Scream 2 just proved again what makes a good sequel: not doing the same thing the first one did, but still honoring the first installment. By doing so Wes Craven has created two movies between which I can’t decide what to prefer – therefore making both unique pieces of art that are able to stand their ground on their own while still telling the same story and progressing the characters.

Rule Nr. 1: Every character (including the protagonist)
can get killed
Rule Nr. 2: The killer has supernatural powers
and stabbing him is not enough
Rule Nr. 3: The past is going to return

Now here is where it gets dirty.
When this movie came out it was naturally the greatest Scream movie ever! Coming from the same kid who said that Star Wars the Phantom Menace was the greatest movie ever.

The third and (then) final installment received a lot of critical flack and while I can see and understand the complaints I guess I will always have a soft spot for Scream 3. Part 3 continues the trend of making the series more fake and goes directly into Hollywood, where the production for “Stab 3 – Return to Woodsboro” a sequel not based on a true story (like Stab 1 and 2) is in full gear.

The opening kill also gets rid of a great possible plotline that had been connected to part 1, was reused and revisited in part 2 and then dropped for a short cameo in part 3. The entire movie is about people getting killed in the order of their deaths in the film until the killer decides to rewrite the screenplay.

Being set directly in Hollywood made the movie lose the last spark of “gritty, witty reality” that the first had and the second managed to keep. The victims and protagonists behave more and more like cardboard cutouts and the kills are over the top (exploding house anyone?).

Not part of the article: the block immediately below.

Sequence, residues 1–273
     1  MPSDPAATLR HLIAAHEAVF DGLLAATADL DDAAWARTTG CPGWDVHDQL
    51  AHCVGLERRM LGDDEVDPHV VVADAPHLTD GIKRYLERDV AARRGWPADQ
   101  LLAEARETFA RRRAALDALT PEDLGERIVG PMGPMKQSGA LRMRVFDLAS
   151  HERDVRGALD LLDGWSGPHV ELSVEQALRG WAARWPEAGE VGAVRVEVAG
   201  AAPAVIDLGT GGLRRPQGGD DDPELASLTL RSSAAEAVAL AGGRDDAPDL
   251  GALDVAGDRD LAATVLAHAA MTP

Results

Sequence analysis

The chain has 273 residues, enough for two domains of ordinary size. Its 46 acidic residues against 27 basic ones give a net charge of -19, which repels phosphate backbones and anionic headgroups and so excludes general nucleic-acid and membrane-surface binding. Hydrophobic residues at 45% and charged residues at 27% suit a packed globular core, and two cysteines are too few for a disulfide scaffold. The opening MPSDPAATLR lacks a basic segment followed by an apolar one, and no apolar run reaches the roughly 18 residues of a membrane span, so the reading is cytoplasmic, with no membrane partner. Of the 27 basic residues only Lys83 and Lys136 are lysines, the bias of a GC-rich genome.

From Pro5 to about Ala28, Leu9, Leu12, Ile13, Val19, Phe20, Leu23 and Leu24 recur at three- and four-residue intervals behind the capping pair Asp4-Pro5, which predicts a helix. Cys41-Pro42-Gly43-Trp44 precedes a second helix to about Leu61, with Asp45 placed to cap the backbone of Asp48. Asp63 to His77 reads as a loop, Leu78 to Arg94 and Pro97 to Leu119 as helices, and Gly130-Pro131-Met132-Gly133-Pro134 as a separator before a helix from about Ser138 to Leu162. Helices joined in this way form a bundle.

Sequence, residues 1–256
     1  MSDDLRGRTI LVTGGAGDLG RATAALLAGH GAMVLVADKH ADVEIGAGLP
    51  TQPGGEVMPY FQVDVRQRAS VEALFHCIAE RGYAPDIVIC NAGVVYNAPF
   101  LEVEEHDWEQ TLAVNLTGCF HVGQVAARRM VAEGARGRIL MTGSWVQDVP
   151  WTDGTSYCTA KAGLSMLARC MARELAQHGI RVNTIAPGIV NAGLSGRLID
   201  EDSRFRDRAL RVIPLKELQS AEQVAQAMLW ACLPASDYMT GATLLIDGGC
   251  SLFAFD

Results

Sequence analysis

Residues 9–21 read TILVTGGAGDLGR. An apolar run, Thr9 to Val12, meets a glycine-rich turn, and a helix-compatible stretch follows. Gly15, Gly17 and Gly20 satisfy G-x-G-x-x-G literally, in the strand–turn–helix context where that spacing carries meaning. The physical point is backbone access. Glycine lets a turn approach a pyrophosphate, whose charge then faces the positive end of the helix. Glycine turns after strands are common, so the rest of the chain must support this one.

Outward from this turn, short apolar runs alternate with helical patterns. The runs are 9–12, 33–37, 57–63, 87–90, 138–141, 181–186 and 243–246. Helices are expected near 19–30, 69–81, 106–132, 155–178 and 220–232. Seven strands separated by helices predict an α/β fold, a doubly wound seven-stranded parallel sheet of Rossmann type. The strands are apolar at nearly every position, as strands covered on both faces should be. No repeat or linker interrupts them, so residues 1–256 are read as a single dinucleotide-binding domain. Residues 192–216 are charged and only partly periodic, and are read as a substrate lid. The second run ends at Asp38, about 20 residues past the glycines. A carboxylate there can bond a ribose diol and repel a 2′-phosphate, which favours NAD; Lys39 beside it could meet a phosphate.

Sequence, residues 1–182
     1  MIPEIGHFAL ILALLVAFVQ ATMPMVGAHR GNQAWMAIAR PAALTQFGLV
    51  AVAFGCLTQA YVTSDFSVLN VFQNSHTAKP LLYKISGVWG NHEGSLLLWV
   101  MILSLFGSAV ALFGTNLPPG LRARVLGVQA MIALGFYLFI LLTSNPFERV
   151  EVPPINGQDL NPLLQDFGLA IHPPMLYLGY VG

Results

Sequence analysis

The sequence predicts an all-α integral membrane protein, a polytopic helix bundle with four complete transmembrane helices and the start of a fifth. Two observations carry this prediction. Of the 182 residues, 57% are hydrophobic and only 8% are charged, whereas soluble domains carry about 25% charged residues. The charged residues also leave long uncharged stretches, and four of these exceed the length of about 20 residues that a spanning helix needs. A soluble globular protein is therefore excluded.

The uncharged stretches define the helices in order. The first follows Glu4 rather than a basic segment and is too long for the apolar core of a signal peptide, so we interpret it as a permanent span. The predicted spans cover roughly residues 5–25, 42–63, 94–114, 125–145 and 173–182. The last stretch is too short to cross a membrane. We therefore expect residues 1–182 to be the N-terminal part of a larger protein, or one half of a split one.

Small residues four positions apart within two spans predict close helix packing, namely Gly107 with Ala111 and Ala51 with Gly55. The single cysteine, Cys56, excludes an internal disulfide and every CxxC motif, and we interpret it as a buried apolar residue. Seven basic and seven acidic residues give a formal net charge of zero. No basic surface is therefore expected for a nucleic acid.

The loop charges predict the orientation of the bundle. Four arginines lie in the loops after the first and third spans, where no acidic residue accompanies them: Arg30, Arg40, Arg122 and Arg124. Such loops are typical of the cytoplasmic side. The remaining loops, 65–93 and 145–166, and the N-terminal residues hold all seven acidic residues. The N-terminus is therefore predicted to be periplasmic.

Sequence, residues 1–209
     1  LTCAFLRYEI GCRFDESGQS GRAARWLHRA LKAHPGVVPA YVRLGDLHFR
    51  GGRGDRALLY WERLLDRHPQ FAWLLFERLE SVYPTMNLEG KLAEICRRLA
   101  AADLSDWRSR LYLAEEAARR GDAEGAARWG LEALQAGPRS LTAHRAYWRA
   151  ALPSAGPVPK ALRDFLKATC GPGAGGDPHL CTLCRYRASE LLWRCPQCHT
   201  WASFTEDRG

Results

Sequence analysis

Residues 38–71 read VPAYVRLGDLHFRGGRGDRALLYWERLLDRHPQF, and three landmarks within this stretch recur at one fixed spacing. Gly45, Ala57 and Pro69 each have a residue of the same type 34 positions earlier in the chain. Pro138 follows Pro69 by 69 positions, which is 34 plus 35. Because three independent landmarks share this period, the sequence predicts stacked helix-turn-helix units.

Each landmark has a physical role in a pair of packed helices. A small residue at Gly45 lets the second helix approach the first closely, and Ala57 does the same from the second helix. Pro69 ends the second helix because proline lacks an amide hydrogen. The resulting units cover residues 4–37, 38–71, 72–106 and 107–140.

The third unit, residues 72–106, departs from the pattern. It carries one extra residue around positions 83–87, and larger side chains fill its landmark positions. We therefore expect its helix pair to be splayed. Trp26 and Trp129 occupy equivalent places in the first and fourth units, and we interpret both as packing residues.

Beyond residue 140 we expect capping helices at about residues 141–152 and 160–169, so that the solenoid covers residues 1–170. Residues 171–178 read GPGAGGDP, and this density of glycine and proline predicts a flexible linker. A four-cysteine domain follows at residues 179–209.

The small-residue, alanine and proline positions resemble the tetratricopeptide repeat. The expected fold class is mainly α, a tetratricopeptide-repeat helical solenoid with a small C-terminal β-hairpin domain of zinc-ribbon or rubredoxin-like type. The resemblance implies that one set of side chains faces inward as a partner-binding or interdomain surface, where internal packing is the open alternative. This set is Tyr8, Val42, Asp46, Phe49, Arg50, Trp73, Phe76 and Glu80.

But! Here is the things that save this movie:
The story of Sidney is a logical continuation of parts 1 and 2. Living in isolation and being constantly afraid of a new copycat ghostface. Same goes for the remaining supporting characters who made it into the “final” round.

The setting of Hollywood allows to revisit Woodsboro but not actually be in Woodsboro. The entire background story about another dark secret of Sidney’s mother is interestingly done and sometimes right out creepy, I mean watch this:


The motif of the killer is withheld for the twist ending. Although the killer has a strong personal connection, the impact of his revelation is not  nearly as strong as in part 1, but the background story of the killer fits the entire series. Of course it rewrites the entire backstory, but isn’t that usual for horror movies?
Remember…. the fine line between satire and using a cliché…

Scream 3 is over the top and not on par with part 1 and 2. I guess if the victims had felt more real and less like the usual stock humans to cut down it would have been a movie that rivaled the first two, but since it doesn’t ruin anything it felt like a great ending, going back to the beginning, dealing with the reason why the events of Scream 1 happened while simultaneously tying it to the movie industry and offering another interpretation of “movies can ruin people’s lifes”.

Also the characters overcame the obstacle and all in all it was a good conclusion to a story, knowing that you should stop before you are beating a dead horse (looking at you Saw). So why exactly do we get…

Wolfgang Verfasst von:

Der Host des Flipthetruck Podcasts. Mit einem Fokus auf Science Fiction und Roboter sucht er ständig jene Mainstream Filme, die sich nicht als reine Unterhaltungsfilme zufrieden geben.

3 Kommentare

  1. 13. April 2011

    Awesome feature man.
    I remember explaining the satirical nature of the SCREAM movies to someone who hadn’t even seen many horror flicks in the first place. I tried to explain how the movies use the established stereotype and cliches from the horror genre to move the story forward… all I got in return was blank expressions and empty nods.

    I rolled my eyes at the news of a SCREAM 4, however your post has re-stabber-nized my love for the SCREAM films, and am looking forward to the continuation of the franchise (which is what’s it’ s become now, I guess.)